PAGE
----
Like a lot of people, I’m really excited by the promise of Docker. A reproducible, reliable environment that banishes “it works on my machine” from any team’s vocabulary? What’s not to like?

Well, if you’re a less-than-Core-Team expert in Rails and all the details of how to provision/configure a Rails app and its entourage for production, you may find yourself beaten about the head by the learning curves, definitely plural.

  1. The write-ups I’ve seen over the last week that describe working deployments are pretty universally describing running Rails on Phusion Passenger and nginx. If you haven’t yet mastered those tools, then you have some learning to do.
  2. As previously with Heroku, those write-ups are nearly unanimous in describing either PostgreSQL for a SQL-based database and/or MongoDB as a NoSQL alternative. Using something else — MySQL, maybe? You have some learning to do.
  3. Every single Mac we have has a copy of VMWare Fusion on it because, after evaluating it and the competition (Parllels Desktop, Oracle VirtualBox) two years ago, Fusion was the hands-down winner for “if it runs on bare metal, it can run in a VM with decent performance”. Since then, of course, the dev/ops world, including Docker (and Vagrant and Chef and Puppet and legion other projects, have standardised on VirtualBox. Which means that each and every one of our Macs is going to have to be cleaned off, reformatted and reinstalled, since I’ve learnt never ever ever to mix bits of Fusion and bits of VirtualBox on the same Mac that I hope to continue using reliably. (We’re just at that sour spot where we’re not quite big enough to have any sort of centralised system management.)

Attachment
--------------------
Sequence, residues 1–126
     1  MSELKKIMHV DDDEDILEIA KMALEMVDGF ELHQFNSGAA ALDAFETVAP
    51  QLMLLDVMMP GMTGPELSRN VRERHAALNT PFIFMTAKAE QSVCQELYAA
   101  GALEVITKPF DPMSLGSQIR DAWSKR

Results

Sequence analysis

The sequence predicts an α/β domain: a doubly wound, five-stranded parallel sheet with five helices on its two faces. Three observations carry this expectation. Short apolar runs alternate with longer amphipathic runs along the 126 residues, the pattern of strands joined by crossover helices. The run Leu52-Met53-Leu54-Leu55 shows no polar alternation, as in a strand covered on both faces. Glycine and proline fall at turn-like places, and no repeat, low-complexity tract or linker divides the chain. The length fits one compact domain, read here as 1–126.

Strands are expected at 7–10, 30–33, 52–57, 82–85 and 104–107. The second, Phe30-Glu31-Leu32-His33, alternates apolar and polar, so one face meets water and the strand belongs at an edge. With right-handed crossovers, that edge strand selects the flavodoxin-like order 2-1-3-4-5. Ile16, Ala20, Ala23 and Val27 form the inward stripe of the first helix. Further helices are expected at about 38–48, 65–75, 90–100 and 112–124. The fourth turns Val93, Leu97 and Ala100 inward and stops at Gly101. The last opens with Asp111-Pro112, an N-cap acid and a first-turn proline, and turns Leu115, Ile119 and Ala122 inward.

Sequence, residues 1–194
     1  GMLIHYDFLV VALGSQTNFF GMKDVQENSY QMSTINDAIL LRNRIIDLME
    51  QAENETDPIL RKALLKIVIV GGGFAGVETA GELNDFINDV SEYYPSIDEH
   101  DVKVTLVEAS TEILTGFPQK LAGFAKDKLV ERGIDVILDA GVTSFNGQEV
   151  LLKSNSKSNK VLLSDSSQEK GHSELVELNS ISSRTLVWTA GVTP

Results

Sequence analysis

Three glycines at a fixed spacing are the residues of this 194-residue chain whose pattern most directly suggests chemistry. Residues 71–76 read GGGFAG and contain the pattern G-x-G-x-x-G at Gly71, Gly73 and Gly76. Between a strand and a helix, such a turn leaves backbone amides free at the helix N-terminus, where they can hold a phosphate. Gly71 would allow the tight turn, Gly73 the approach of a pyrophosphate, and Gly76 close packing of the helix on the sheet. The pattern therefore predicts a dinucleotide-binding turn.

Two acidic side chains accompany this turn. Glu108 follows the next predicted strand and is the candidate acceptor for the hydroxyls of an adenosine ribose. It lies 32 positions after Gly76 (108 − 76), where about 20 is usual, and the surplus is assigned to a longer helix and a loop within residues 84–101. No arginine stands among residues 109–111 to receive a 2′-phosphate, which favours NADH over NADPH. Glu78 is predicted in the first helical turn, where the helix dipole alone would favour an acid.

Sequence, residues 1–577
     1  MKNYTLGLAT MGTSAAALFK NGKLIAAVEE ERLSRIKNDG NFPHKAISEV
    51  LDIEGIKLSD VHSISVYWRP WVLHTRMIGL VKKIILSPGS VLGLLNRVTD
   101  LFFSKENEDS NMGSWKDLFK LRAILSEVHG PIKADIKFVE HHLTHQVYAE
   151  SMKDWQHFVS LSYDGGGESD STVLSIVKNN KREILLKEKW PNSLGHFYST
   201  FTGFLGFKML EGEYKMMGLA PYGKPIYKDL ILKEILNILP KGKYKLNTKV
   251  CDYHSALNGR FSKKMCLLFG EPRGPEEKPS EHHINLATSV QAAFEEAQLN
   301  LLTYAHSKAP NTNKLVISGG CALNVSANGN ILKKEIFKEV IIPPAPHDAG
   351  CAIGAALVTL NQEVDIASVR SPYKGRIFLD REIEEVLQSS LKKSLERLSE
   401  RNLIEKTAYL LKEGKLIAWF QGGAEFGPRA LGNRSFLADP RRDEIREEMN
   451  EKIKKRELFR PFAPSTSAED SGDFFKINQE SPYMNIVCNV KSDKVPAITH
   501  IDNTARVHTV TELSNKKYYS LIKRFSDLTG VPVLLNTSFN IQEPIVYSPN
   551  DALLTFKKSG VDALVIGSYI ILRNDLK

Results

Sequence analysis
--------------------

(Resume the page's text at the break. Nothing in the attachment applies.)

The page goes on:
4. The tooling and documentation (particularly third-party tutorials) for Docker itself are, unsurprisingly, in a very early state. (When O’Reilly, InformIT/Pearson, and Manning each have no books, even early releases, on their websites, you know random blogs are your best bet.) You have some learning to do, and you’re going to have to work at it.
  5. Obviously, all the only-on-development tools and hacks you’ve been using up to now, such as Sqlite databases and running rails server are going to go away, since you’re replicating a production-capable environment — that’s the whole point.

All this together, along with some outside influences, has led me to, very reluctantly, delay my learning and exploration of Docker until we get past the current crush at work, complete the relocation of our development operations, and staff up sufficiently that this single point is no longer the critical path for everything.

Entropy, at least in the software world, is not a constant, but it’s constantly increasing. I’ve been saying for 30 years that “70% of what you need to know as a developer will be out-of-date before your milk is; the rest will never be out of date”. What that fails to take into account is that the sum total of “what you need to know” at any given time is increasing, as is the rate of increase itself.

Anyone else remember that old Waylon Jennings song, Mama, Don’t Let Your Babies Grow Up to be Coders?

Jeff Dickey

Software and Web developer. Tamer of deadlines. Enchanter of stakeholders.